CFPB Could Curb High-Debt Mortgages
Andrew Ackermen and Ben Eisen
The Trump administration plans to eliminate a regulatory loophole that put the government on the hook for an additional $260 billion of mortgages last year, a move that could limit the availability of credit for home loans.
The Consumer Financial Protection Bureau took a preliminary step Thursday toward revamping a postcrisis regulation that has transformed the mortgage market by allowing more deeply indebted borrowers to obtain home financing.
At issue is an obscure half-decade-old provision that makes mortgages possible for buyers with high debt relative to their incomes. That temporary provision expires at the beginning of 2021, and Thursday’s move could potentially replace the provision with a tougher version of the regulation.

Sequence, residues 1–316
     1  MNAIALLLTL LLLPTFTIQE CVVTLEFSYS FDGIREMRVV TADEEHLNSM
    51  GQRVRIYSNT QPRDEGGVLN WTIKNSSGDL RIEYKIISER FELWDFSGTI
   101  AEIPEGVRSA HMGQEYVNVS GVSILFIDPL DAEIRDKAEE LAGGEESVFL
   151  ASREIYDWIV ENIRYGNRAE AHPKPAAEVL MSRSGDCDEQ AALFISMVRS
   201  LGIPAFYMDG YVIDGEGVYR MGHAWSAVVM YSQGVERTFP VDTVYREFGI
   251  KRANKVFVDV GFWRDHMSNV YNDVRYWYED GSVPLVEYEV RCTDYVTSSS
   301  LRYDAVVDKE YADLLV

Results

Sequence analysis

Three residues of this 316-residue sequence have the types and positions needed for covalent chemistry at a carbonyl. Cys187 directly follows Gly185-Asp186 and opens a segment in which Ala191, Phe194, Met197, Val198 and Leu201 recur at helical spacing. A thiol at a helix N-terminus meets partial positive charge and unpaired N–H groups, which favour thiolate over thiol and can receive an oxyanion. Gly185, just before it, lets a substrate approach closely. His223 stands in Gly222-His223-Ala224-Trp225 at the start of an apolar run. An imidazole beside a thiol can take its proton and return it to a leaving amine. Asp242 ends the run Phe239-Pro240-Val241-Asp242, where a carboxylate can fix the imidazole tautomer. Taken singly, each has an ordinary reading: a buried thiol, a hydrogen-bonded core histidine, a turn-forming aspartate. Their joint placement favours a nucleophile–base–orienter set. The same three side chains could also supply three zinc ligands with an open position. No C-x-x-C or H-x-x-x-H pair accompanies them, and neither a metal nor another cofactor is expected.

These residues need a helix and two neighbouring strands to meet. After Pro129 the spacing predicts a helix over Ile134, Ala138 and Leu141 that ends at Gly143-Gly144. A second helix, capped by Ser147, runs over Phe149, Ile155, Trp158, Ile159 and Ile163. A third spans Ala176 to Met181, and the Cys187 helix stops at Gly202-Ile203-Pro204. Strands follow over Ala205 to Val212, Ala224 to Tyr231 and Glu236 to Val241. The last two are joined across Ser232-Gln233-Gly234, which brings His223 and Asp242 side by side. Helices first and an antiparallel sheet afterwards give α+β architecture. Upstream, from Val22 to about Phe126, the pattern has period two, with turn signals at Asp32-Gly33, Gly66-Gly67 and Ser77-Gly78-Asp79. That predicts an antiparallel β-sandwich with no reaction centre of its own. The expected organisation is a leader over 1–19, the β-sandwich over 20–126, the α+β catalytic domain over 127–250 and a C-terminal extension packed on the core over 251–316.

The proposal is expected to generate pushback from real estate and mortgage industry groups that favor maintaining a relaxed set of rules that ensure loans are broadly available. Others say that these borrowers are riskier.
Those contrasting views will shape efforts by the Trump administration to overhaul the housing-finance system in a way that will likely reduce the government’s role in housing. A central part of that effort revolves around returning Fannie Mae and Freddie Mac to private ownership after a decade under Washington control. The Treasury Department is expected to release a blueprint for broadly reshaping housing finance in the coming weeks that will outline steps to privatize Fannie and Freddie, which guarantee roughly half the mortgage market.
Thursday’s narrower move could have an outsize effect on housing by curtailing the types of loans that are eligible for purchase by Fannie and Freddie. That would likely make it harder for indebted borrowers to find lenders willing to give them a mortgage.